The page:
Be rooted like a tree / Planted by the stream
Clyde Kilby, an English professor I wish I had known, crafted a catalog of 11 Resolutions (and I love that it was 11, not 10). This was his personal creed, his this I believe and this is how I will live. His sixth resolution is my favorite:
I shall open my eyes and ears. Once every day I shall simply stare at a tree, a flower, a cloud or a person. I shall not then be concerned at all to ask what they are, but simply be glad that they are. I shall joyfully allow them the mystery of what Lewis calls their “divine, magical, terrifying, and ecstatic” existence.
I’ve borrowed this practice; and on most days after I run, I’ll stroll a few minutes extra. I breathe deeply and try to pay attention to my world. I’ll look around for some physical object, something on which to gaze. It may be the billows of white clouds or moss covering a portion of rock. A leaf tossed by the wind. A fence. A blade of grass. I take in the sight. I ponder the sheer fact that it exists. I notice that I had nothing to do with making it exist; and after I walk away I have no impact on whether or not it continues to exist.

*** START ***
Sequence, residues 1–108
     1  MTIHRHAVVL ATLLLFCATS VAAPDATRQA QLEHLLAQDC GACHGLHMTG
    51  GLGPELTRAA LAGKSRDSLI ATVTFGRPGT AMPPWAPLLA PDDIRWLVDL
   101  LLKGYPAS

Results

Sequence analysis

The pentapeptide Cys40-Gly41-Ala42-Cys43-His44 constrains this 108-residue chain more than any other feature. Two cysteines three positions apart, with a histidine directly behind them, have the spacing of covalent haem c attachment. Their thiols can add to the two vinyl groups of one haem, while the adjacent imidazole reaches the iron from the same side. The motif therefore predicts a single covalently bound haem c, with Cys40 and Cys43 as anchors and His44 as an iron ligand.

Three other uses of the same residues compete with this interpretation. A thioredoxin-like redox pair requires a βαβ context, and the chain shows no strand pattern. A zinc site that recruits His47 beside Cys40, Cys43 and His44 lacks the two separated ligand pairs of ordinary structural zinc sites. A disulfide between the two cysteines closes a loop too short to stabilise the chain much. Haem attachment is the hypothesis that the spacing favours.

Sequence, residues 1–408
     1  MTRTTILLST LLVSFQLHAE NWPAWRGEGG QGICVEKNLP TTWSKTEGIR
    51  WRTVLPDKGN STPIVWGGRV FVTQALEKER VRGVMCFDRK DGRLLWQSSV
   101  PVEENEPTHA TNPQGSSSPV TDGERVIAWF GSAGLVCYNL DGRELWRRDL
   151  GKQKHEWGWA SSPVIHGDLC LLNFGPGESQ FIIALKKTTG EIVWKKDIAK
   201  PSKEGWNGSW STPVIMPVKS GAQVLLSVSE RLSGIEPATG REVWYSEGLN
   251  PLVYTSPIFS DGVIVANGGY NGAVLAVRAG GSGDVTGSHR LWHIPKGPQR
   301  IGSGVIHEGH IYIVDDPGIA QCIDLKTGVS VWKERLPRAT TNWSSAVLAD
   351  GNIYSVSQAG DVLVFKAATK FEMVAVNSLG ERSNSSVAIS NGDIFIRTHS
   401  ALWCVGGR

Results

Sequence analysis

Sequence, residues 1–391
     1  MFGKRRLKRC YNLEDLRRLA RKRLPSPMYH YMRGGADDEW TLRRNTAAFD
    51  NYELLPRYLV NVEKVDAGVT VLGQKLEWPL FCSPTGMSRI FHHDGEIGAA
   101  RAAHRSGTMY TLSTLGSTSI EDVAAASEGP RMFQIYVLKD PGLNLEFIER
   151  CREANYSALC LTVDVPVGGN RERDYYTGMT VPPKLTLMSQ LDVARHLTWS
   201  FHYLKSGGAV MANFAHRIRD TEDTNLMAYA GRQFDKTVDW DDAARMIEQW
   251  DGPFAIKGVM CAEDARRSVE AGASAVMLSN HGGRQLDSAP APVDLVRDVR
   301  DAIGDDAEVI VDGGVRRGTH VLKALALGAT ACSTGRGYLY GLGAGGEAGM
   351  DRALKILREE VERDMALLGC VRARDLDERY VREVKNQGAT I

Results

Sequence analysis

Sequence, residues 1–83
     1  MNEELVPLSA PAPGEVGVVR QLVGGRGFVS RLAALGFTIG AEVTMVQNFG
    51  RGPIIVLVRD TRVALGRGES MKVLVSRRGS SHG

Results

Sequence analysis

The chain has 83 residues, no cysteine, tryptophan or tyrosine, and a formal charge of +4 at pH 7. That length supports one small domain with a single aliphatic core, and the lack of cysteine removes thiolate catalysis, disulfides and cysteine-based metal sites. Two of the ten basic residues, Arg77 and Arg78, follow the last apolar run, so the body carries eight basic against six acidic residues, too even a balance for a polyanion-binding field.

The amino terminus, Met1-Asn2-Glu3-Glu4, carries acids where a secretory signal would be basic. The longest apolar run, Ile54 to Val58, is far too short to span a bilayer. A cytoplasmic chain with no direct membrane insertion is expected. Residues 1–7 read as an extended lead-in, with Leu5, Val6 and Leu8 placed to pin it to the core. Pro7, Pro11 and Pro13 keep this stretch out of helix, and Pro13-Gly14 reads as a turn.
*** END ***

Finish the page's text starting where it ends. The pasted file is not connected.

Sometimes it’s good to remember that, valuable as I may be, I do not hold the world together.
Today, the object was a stump. Not a tree. Not a sapling full of possibility. Just a stump. A gnarled, cracked stump. A piece of creation that’s already had it’s day. It isn’t good for much. Other than a dog hiking a leg it’s direction every now and then, I bet no one pays this stump any attention. Yet there it sits. It sat there yesterday. It will be sitting there tomorrow. The rain will thrash. The sun will bake. The winds will flurry. But the stump merely sits, nestled in its little spot, its roots dug deep into the soil that will not let it loose.
Amid a world of noise, a world insisting we have something good to say, something smart to say … amid a culture where we are jostling for position, spreading our branches so to speak, it’s balm to my weary soul to watch a stout old stump and know that sitting there, out of the way – sturdy and solid but unbothered and at rest – can be enough.